However, aplasia is sometimes used to indicate an organ in which some very early structures formed, but it can’t function at all. In agenesis, the organ didn’t even start to develop. In terms of clinical features, the two are often identical.


Hypoplasia refers to the incomplete development of the organ. (It comes from the root “hypo,” meaning less.) The organ might be smaller than normal, but it may have all the same key features as a normal organ. The ability of the organ to function will depend on the severity of the hypoplasia, but often it can at least function a little. 

In general, hypoplasia leads to less severe symptoms compared to aplasia. But surgery or other interventions might still be needed.

Congenital Malformations (Congenital Anomalies; Congenital Deficiencies) 

Congenital malformations refer to any situation in which some part of the body doesn’t form normally. By definition, these are always present at birth. 

For example, aplasia of the lung, kidneys, or radius are all examples of congenital malformations.  


Atrophy is a different medical term. Unlike most kinds of aplasia, atrophy is not present from birth. Instead, it describes a wasting away of part of the body due to aging, lack of use, or illness. 

Many people are most familiar with muscle atrophy, in which the muscles can decrease in size due to lack of use and aging. However, atrophy can happen to other organs and components of the body as well. 

Aplasia vs. Dysplasia: What’s the Difference?

Dysplasia is another related, but sometimes confusing, medical term. It comes from the roots “dys” (bad) and “plasia” (formation). It means, roughly, some sort of abnormal development or growth in some part of the body. 

Dysplasia can also mean different things in different contexts, which can also be confusing. Sometimes it refers to a kind of abnormal development that happened before birth. For example, someone with dysplasia of the radius might have a shorter radius than normal. 

This contrasts with someone with radial aplasia, in which the radius is absent. However, medical professionals might use the term “radial deficiencies” to refer to both radial dysplasias and radial aplasias.

Dysplasia Related to Cancer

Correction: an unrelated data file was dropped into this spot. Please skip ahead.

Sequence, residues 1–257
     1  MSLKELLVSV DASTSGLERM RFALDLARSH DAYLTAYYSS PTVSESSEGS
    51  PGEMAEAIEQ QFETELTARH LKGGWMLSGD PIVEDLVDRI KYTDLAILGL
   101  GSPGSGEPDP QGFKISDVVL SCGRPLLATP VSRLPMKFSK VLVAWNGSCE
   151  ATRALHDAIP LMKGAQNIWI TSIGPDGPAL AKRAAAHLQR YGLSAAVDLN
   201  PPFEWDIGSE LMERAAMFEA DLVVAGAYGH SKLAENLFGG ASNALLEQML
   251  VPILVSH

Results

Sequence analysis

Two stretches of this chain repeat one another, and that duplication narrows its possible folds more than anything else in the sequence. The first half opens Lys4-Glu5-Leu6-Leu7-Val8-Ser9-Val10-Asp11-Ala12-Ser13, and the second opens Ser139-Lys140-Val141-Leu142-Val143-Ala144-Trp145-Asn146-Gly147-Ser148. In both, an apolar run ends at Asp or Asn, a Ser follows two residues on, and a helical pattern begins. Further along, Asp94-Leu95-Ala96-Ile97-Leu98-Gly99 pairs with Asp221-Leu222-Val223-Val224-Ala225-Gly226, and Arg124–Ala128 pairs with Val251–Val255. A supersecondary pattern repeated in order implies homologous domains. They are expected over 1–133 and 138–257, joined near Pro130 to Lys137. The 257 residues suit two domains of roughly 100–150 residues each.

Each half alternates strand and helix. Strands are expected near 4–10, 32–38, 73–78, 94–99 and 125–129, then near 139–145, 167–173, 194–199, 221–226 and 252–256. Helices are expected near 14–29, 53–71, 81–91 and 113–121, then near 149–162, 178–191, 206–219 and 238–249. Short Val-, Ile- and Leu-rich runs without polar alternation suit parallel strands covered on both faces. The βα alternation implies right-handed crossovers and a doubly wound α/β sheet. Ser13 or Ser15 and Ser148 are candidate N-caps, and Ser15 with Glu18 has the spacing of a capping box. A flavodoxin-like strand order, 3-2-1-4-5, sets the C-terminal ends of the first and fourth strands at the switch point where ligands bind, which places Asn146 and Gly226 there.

Another totally different kind of dysplasia is related to cancer. Some cells in your body may change in abnormal ways. Sometimes these cells can be a precursor to cancer. For example, your healthcare provider might recommend removing dysplastic cells found on your cervix during a pap smear. 


Aplasia is a medical term that means that part of the body hasn’t formed. It isn’t a single medical condition, but rather a word that can be used in a number of different medical situations. Most types are present from birth, such as aplasia cutis congenita, radial aplasia, aplasia of the lung, thymic aplasia, and germ cell aplasia. Pure red cell aplasia is one type you might get later.

A Word From Verywell

It can be terrifying to learn that your new baby has health problems. In assessing something like an aplasia, it will take time to get a full sense of the medical picture. Nobody will be able to give you complete answers right away. Try to be patient as you and your medical team work to find the best treatments in your situation.  

Frequently Asked Questions

  • What is the most common form of aplasia?

    Aplasia isn’t a single medical condition. It’s a word that is used in many different medical problems.

    Deformations of the radius (including radial aplasia) are some of the most common kinds of congenital malformations. Acquired pure red cell aplasia is also more common than many congenital types of aplasia.

  • Where is aplasia located?

    Aplasia of various parts of the body are found in different places. The other words associated with “aplasia” tell you what body part is affected. (For example, aplasia of the lungs, aplasia of the kidneys, etc.)

7 Sources
Verywell Health uses only high-quality sources, including peer-reviewed studies, to support the facts within our articles. Read our editorial process to learn more about how we fact-check and keep our content accurate, reliable, and trustworthy.
  1. Thadchanamoorthy V, Dayasiri K, Thirukumar M, et al. Multiple aplasia cutis congenita type V and fetus papyraceous: a case report and review of the literature. J Med Case Rep. 2021;15(1):110. doi:10.1186/s13256-021-02662-3

  2. Elmakky A, Stanghellini I, Landi A, Percesepe A. Role of genetic factors in the pathogenesis of radial deficiencies in humansCurr Genomics. 2015;16(4):264-278. doi:10.2174/1389202916666150528000412

  3. Davies EG. Immunodeficiency in DiGeorge syndrome and options for treating cases with complete athymia. Front Immunol. 2013;4:322. doi:10.3389/fimmu.2013.00322

  4. Annunziata F, Bush A, Borgia F, et al. Congenital lung malformations: Unresolved issues and unanswered questions. Front Pediatr. 2019;7:239. doi:10.3389/fped.2019.00239

  5. Alfano M, Tascini AS, Pederzoli F, et al. Aging, inflammation and DNA damage in the somatic testicular niche with idiopathic germ cell aplasia. Nat Commun. 202112(1):5205. doi:10.1038/s41467-021-25544-0

  6. Means RT Jr. Pure red cell aplasia. Blood. 2016;128(21):2504-2509. doi:10.1182/blood-2016-05-717140

  7. Centers for Disease Control and Prevention. Renal agenesis/hypoplasia.

By Ruth Jessen Hickman, MD
Ruth Jessen Hickman, MD, is a freelance medical and health writer and published book author.